At first I was a bit worried about finding enough fruit to eat since I was traveling alone and didn’t know where anything was. Upon arrival, I found that finding fruit shops was easy. I bought fruit and my mind was at ease. When I traveled to Queenstown I passed this on the way and knew I’d be okay:

I love the way the fruit diet makes me feel and nothing can stop me from finding enough fruit to stay energetic and happy. Not even traveling. In fact, the variety of different fruits that are introduced to my diet through traveling is actually quite exciting. =)

Friday, December 17, 2010


Where to begin?! Today I experienced one of the most beautiful places in the world: Milford Sound.

I woke up early and was picked up by a luxury coach bus with big comfy seats and a glass roof for prime views. After picking up everyone else from his or her accommodation, we were on our way.

The drive was beautiful. I was on an “eco tours” bus so the driver spent much of the ride pointing out interesting facts about the environment we were driving in, including the plans and animals. It was all very interesting and I learned a lot of information about the ecology of this area.

To be completely honest, half the time he was talking, I was too distracted by the boulders to listen. My head was glued to the window, admiring the constant flow of rocks we were passing… I spent most of the ride daydreaming about the endless climbing potential of the place. My obsession with climbing has returned in full force. I can’t stop thinking about it and relating everything to it. It’s one of the most important parts of my life.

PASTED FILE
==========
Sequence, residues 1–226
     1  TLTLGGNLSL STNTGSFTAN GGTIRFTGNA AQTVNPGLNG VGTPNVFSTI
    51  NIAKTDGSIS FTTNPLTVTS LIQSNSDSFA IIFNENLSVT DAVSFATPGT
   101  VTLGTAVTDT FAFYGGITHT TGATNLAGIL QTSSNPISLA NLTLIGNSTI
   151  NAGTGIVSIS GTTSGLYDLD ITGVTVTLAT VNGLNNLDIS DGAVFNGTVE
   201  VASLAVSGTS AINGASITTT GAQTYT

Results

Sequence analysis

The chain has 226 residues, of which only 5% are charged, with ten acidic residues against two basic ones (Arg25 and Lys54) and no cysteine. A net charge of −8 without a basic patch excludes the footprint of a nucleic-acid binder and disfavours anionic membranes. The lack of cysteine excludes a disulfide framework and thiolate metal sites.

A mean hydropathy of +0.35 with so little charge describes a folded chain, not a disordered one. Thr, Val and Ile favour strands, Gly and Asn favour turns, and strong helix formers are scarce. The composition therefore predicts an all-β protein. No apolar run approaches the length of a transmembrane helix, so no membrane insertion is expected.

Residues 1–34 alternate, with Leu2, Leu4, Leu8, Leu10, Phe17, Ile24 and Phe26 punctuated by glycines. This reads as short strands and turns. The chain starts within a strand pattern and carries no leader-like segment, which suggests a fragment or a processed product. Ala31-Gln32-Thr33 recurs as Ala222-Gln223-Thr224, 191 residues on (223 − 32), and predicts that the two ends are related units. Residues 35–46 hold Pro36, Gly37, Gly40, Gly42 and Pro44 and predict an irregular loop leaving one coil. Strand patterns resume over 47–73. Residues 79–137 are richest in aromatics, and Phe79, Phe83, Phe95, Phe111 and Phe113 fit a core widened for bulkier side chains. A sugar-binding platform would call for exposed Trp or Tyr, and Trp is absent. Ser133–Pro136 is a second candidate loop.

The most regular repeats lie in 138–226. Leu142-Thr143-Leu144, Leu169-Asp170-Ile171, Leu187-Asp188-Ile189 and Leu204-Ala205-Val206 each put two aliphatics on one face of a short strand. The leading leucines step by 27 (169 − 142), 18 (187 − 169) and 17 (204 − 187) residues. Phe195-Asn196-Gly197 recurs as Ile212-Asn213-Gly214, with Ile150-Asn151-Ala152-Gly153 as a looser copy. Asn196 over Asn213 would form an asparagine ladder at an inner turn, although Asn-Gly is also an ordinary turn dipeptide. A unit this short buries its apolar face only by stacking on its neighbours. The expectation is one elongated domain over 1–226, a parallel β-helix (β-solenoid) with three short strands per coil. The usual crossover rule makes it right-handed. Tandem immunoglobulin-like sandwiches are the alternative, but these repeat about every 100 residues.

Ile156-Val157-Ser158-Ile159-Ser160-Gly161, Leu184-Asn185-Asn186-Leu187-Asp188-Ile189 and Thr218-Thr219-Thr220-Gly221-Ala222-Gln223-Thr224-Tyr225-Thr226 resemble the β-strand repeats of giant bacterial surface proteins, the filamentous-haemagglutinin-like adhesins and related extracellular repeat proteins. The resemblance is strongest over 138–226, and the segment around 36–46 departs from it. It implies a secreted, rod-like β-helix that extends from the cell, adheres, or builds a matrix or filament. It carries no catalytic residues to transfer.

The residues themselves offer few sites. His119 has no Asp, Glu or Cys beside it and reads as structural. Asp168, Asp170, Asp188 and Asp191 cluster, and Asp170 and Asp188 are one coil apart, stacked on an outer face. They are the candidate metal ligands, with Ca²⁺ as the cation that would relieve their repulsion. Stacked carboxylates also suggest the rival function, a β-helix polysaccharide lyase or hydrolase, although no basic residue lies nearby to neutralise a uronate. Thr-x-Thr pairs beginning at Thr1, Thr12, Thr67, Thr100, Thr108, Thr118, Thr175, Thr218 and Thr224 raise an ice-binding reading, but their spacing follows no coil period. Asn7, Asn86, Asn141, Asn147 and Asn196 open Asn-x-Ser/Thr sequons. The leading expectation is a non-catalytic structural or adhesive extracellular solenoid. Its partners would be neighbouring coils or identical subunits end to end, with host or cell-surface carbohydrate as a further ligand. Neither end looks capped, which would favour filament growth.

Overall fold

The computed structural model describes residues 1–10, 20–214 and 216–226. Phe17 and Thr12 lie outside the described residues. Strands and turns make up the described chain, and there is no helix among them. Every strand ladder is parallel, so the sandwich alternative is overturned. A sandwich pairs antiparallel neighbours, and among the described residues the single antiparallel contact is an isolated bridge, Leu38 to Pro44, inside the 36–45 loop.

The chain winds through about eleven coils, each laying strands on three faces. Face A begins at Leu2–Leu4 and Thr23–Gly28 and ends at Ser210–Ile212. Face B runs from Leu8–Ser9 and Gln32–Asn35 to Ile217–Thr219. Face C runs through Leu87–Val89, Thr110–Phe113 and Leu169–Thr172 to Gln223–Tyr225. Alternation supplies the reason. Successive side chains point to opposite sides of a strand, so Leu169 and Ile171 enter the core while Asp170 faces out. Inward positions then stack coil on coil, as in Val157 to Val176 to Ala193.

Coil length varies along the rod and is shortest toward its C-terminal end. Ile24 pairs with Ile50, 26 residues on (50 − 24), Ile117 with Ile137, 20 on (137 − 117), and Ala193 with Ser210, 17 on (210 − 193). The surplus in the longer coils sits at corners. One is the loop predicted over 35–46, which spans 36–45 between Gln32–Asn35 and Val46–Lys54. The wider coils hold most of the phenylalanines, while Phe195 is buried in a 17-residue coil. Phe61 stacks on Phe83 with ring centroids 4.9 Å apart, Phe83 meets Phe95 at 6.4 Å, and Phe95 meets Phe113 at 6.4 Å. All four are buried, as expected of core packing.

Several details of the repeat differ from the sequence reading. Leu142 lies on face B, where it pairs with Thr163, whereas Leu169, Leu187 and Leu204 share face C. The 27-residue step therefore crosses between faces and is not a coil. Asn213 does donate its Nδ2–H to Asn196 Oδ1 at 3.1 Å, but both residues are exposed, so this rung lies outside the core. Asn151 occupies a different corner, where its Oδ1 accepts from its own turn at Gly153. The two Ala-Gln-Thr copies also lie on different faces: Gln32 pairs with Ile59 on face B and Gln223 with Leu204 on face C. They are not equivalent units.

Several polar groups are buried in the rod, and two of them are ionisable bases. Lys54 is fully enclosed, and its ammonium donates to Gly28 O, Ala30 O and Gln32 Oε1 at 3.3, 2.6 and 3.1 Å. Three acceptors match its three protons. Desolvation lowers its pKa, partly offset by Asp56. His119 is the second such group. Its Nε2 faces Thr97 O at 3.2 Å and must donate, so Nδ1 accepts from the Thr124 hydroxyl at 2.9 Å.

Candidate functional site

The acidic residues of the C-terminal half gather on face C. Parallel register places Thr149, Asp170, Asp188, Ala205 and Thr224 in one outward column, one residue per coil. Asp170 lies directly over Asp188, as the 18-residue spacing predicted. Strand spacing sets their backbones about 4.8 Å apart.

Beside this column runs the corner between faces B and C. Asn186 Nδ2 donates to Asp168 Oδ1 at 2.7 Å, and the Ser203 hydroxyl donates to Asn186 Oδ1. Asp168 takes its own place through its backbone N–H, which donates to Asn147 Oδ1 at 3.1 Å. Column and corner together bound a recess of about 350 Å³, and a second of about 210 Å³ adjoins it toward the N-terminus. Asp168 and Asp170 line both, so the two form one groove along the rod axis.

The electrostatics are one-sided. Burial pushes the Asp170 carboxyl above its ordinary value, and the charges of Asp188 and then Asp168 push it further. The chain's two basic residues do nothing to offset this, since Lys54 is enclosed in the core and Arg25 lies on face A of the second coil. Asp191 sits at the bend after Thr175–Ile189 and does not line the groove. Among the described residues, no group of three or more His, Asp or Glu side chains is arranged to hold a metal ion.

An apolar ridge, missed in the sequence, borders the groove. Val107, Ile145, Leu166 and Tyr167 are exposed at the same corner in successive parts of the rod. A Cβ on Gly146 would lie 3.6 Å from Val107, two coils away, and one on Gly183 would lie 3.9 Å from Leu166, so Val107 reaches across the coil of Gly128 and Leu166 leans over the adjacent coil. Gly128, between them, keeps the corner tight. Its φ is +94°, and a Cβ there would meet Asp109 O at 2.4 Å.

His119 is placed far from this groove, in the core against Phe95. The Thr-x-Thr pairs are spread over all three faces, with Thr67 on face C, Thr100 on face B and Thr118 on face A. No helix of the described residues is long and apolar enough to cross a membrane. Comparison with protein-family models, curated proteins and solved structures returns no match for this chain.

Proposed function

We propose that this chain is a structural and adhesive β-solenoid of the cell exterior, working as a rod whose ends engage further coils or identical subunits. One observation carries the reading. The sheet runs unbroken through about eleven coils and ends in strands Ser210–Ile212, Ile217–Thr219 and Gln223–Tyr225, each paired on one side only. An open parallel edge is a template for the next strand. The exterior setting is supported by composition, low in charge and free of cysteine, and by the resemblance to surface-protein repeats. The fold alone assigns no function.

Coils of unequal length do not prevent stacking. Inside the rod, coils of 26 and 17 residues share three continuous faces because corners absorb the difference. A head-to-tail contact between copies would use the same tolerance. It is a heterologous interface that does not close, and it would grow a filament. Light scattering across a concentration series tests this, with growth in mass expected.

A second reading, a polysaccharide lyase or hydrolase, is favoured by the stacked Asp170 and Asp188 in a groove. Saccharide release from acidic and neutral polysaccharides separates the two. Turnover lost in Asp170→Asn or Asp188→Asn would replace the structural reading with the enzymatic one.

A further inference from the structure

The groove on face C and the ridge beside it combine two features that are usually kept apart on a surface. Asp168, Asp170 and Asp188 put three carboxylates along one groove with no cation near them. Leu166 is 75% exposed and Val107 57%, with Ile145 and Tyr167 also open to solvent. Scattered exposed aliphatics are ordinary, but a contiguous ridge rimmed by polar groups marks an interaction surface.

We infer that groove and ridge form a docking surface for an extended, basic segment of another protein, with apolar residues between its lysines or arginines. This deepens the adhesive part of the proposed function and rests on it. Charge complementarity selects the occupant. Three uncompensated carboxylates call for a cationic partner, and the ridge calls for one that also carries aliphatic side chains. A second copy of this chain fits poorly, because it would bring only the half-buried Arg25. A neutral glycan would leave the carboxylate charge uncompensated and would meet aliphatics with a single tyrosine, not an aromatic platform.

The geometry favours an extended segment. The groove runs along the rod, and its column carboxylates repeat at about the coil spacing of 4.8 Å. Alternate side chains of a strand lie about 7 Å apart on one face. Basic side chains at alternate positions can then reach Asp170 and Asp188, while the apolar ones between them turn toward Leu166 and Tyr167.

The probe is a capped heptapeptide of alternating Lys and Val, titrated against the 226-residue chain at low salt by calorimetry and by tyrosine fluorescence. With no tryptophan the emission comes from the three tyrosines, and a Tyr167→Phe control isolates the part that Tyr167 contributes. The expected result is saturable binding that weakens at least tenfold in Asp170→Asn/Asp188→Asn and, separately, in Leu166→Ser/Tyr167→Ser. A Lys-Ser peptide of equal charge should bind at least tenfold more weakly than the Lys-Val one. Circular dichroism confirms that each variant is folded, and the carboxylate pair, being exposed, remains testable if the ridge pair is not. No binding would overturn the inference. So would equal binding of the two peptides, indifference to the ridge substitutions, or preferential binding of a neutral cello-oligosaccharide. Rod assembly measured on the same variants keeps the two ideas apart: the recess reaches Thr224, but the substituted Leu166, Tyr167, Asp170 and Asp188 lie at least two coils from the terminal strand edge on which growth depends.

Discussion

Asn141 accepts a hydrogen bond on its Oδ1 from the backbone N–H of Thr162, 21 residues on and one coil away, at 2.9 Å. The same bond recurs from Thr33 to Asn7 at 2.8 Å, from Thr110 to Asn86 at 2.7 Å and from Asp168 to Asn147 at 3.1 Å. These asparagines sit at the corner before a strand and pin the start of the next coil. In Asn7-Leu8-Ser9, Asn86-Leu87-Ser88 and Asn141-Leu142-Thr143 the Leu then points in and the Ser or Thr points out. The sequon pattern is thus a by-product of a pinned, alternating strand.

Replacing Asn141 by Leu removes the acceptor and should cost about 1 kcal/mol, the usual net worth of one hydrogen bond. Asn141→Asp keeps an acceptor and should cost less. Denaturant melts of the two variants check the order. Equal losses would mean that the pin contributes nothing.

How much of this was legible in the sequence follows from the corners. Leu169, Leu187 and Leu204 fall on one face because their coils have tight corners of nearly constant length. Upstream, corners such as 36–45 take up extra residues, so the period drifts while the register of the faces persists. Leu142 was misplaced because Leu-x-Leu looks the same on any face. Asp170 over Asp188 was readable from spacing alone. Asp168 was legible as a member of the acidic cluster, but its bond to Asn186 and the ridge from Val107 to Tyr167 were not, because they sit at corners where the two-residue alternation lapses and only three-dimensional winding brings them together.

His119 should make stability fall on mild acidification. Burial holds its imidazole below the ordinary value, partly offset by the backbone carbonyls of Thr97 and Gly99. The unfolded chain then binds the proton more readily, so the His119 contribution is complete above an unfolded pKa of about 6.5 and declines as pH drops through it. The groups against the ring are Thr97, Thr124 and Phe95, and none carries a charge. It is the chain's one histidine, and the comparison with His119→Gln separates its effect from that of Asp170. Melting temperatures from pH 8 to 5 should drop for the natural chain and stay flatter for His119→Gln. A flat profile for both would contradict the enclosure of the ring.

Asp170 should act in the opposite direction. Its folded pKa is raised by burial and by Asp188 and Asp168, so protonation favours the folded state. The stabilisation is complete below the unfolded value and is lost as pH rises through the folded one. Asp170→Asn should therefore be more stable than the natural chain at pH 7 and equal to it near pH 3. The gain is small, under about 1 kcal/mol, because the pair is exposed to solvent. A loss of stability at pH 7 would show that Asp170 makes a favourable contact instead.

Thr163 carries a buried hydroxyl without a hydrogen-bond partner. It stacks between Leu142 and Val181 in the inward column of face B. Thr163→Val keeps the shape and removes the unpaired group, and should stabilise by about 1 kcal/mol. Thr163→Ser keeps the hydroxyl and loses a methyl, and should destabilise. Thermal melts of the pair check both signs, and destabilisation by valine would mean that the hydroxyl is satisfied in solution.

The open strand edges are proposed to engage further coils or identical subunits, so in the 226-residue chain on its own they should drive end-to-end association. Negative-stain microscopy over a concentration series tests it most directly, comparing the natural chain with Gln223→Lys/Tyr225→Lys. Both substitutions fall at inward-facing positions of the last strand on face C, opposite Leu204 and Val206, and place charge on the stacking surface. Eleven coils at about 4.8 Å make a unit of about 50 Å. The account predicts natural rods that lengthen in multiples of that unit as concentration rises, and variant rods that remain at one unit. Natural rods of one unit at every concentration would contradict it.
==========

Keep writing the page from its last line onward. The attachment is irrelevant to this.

We stopped in many places along the way to take short walks or simply snap a photo. Here are some of the stops we made:

the tops of the mountains in the background were used in lord of the rings.

i love seeing spirals in nature.... spirals are a re-occuring motif in my art
This is so inspiring to me, i can hardly handle it. Nature is amazing.
a rainbow forming in the chasm, amazing.
getting closer! amazing view.
filling up our water bottles in the monkey river fed by glaciers
on the road again:
waterfalls... everywhere

the shapes of these inspire my art:
going through the tunnel:
i love these flowers.

After quite a long drive, we arrived in Milford Sound. We took an hour and 15 minute cruise through the sound and it was absolutely breathtaking! Again, I was distracted by the beautiful rock surrounding the sea, and couldn’t help but daydream about climbing everything around me.